Incumbent President Barack Obama pulled off a tremendous victory over Governor Mitt Romney Tuesday night. Obama had wins in several key states, while Romney could not even take Wisconsin, the state in which his running mate Paul Ryan resides. Demographics and policy stance can be argued for the next four years, but the bottom line is that more voters turned out to support Obama in 2012.
Obama will face the challenge of a Republican controlled House of Representatives and a Democratic controlled Senate. It will be unlikely that any significant legislation will be passed. However, given demographics, the Republican Party will have to soften its stance on immigration if it intends to offer a viable candidate in 2016.
Obama will also likely make a 3rd and possibly 4th Supreme Court nomination. Nixon and Reagan were the last presidents to have 4 Supreme Court Justices confirmed. While I am not up to date on the Supreme Court docket, I believe the leanings and youth of the court will stabilize social issues rather than promote change. As a side not FDR had 9 justices confirmed, although 2 were replacements for earlier confirmations. The only justice to be impeached was Samuel Chase in 1804.
The prohibition era of America is turning as well. Alcohol was prohibited by Federal law in 1919 and the repeal was in 1933. Marijuana was prohibited in 1937 and has yet to be repealed on a Federal level. In fact the Supreme Court has upheld prohibition twice since 2001. However Colorado and Washington were the first two states to pass laws in direct opposition to the Federal laws. The interpretation and posture of the US and State Attorney Generals will be interesting to follow. As a side note, there is no Federal Law against gambling or prostitution. These matters are left to the states. The Federal Wire Act does limit gaming across state lines.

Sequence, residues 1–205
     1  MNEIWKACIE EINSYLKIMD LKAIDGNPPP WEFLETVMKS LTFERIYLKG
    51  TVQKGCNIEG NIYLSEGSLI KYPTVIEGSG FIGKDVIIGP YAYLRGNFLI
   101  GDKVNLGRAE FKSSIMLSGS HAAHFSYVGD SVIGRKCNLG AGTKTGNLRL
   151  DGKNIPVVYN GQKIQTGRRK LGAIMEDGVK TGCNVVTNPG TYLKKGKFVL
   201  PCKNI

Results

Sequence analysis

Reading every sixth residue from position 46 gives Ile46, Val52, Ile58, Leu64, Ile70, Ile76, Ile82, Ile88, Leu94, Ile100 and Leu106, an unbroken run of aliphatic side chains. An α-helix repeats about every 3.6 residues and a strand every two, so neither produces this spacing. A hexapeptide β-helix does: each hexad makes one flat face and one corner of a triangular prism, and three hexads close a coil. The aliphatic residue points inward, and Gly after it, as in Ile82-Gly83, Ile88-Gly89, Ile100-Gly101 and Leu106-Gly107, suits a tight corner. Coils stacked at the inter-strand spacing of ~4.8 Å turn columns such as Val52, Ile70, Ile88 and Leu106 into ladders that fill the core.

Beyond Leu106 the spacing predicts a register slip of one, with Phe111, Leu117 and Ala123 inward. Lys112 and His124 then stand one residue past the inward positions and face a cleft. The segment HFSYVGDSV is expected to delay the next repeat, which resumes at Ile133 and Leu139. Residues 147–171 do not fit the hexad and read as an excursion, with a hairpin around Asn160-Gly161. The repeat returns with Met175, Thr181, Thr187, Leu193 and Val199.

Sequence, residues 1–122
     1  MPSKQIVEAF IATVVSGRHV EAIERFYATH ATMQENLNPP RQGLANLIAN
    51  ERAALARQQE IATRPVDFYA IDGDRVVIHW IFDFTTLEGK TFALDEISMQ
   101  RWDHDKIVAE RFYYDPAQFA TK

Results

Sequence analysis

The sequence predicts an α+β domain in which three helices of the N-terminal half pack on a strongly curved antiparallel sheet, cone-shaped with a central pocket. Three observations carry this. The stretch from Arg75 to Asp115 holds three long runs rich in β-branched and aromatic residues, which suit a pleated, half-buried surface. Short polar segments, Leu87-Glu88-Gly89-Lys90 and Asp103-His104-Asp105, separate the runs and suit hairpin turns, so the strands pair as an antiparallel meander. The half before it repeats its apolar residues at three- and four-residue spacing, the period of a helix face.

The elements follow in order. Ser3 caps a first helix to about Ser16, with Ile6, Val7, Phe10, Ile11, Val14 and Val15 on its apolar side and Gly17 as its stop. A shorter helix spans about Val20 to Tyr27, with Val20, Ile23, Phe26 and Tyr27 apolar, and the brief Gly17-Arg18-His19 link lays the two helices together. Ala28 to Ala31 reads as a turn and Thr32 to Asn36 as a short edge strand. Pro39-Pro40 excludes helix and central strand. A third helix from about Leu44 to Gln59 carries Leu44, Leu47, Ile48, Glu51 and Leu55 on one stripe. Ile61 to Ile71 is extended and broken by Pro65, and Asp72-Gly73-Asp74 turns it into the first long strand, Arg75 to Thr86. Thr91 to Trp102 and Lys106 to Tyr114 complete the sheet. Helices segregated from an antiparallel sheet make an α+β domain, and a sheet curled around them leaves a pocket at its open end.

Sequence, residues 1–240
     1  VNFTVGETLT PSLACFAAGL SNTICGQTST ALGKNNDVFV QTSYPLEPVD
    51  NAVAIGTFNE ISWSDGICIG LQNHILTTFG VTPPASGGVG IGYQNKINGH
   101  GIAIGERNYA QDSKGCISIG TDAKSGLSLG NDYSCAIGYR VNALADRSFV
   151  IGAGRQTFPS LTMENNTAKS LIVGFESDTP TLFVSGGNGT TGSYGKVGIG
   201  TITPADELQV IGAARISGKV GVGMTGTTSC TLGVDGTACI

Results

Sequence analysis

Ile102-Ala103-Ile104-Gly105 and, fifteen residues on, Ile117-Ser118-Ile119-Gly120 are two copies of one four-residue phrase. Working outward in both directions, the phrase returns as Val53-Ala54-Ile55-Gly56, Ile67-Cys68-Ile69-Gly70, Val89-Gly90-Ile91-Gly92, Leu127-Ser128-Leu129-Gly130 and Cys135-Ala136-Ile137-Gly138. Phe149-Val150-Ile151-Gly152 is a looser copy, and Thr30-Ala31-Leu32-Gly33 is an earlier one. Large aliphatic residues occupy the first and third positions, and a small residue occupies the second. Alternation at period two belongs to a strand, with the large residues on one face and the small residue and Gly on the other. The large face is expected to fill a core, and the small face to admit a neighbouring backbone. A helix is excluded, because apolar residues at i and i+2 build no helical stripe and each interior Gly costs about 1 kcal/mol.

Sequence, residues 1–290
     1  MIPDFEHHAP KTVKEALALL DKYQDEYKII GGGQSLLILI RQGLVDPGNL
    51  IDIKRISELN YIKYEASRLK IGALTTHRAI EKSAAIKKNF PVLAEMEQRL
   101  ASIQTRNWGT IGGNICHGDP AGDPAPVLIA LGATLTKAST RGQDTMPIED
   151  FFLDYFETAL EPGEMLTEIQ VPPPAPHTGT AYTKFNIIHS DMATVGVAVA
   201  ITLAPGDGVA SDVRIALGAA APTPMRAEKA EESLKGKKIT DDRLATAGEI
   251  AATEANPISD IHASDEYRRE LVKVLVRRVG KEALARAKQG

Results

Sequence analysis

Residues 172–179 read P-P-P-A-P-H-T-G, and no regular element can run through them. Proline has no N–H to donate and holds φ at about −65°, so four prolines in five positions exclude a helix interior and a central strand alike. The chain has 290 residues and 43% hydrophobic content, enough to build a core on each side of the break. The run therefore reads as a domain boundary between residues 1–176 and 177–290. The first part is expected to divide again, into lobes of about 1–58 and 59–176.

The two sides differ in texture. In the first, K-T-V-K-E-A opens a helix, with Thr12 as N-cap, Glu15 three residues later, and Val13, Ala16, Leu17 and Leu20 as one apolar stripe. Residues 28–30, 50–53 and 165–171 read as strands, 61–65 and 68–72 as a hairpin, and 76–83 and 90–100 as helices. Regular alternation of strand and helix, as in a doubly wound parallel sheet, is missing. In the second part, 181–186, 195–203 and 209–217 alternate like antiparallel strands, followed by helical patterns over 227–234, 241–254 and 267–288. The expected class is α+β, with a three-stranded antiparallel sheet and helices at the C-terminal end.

Very few individuals want to see an America with opium dens on every corner, however the tide is turning to say that prohibition rather than regulation of certain vices is not the best use of tax payer dollars to improve the lives of most Americans.
There has never been a Federal Law against abortion and the Supreme Court. Until Roe v Wade this decision was left to the states. Now abortion is legal in every state, but may be restricted to varying degrees.
There is a Federal Law not recognizing gay marriage. This was passed by Republican controlled Congress (85-15 Senate, 342-67 House) and signed by President Clinton in 1996. States may allow gay marriage but that union need not be recognized by other states or the Federal government. The constitutionality of the law has been challenged several times.